Jesus, however, turns our thoughts about hospitality upside down and inside out. Typical! For starters, he chooses to tell a story about hospitality not when he is hosting a dinner party, but when he is an invited guest at someone else’s party. And it’s not just anyone else’s party. It’s a dinner in the home of one of the leaders of the Pharisees. Often we think of the Pharisees as Jesus’ opponents, representing the traditional expression of religion, which Jesus never stops challenging. But here he is, sitting down for a meal with these folks.

The first lesson Jesus teaches us about hospitality is that it has to be extended in every direction—one must graciously both give and receive it. For many people—especially nice, Midwestern church people—it’s a lot easier to give than to receive. The giver, the host, holds a position of power, and the guests, positions of vulnerability. Yet Jesus demonstrates that accepting whatever invitations and gifts people offer to you is a vital part of hospitality. It is important to share power. In receiving, the honor is the giver’s; in giving, the honor is the receiver’s. We must be familiar with both to fully understand the unsettling but powerful concept of hospitality.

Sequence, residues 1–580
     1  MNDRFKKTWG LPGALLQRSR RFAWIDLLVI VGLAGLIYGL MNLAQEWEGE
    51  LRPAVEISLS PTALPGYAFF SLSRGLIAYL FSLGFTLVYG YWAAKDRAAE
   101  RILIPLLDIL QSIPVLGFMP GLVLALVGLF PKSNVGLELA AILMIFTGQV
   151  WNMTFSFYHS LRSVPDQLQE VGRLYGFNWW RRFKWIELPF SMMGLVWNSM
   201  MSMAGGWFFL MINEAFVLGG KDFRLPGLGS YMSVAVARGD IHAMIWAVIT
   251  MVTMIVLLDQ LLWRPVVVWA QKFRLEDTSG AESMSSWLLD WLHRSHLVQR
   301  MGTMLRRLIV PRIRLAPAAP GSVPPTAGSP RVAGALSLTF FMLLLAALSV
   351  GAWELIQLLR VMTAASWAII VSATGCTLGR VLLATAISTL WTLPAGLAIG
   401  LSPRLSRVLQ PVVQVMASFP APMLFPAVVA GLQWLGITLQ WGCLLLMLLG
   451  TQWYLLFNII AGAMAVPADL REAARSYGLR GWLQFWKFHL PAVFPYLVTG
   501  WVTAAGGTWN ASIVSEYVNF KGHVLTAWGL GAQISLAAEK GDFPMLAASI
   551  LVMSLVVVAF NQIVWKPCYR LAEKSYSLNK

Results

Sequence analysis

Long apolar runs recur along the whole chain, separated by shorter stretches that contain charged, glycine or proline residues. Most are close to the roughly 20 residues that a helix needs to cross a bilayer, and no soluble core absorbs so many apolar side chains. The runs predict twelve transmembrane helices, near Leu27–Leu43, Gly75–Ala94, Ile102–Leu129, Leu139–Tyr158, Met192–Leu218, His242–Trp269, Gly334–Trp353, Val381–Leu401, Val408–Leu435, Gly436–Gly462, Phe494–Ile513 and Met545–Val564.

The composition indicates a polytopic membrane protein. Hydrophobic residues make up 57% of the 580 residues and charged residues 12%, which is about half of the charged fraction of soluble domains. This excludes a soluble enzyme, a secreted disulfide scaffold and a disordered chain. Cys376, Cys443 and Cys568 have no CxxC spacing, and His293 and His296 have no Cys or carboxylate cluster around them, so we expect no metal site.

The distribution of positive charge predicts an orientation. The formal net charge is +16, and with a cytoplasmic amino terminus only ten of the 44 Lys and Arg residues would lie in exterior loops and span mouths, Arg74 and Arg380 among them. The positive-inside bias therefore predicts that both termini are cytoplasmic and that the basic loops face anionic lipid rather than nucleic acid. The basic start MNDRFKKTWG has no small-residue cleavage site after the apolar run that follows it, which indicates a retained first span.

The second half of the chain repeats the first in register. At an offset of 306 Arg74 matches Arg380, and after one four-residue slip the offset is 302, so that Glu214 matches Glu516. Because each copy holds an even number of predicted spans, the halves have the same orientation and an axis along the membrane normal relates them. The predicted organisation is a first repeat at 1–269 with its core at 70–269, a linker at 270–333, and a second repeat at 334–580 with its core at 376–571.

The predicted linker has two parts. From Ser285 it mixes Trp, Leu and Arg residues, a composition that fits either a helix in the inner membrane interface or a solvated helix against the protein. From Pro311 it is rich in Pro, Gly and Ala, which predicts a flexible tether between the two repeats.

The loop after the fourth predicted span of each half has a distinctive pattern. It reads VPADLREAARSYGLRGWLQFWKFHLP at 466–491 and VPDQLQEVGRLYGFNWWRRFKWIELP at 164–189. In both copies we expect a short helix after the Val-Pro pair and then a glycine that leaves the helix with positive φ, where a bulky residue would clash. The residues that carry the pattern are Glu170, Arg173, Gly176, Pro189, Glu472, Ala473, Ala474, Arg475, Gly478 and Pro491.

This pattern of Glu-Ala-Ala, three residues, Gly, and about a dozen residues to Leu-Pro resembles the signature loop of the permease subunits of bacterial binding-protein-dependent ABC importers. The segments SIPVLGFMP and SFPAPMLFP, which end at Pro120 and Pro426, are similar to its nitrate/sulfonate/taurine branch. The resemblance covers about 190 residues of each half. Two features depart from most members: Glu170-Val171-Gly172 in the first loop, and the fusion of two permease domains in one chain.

As the guests arrive, Jesus notices people jockeying for the best seats. Kind of like general admission seating at a really good concert or sporting event. People arrive hours before the event is to begin, just to make sure they get the best spot. Jesus watches this for awhile and then observes that it’s wiser to choose a bad seat and have the host invite you to a better spot than to take a choice seat, only to have the host ask you to move out when the guest of honor arrives. (Maybe he learned that from the book of Proverbs lesson we heard this morning). Part of hospitality is assuming that other people have as much a right to feel special as you do. Conversely, you are just as special as everyone else. You have as much a right to be in the room as anyone else. Jesus never tires of teaching this particular lesson—that everyone is simultaneously a saint and a sinner. Maybe it’s because his hearers never seem to learn it.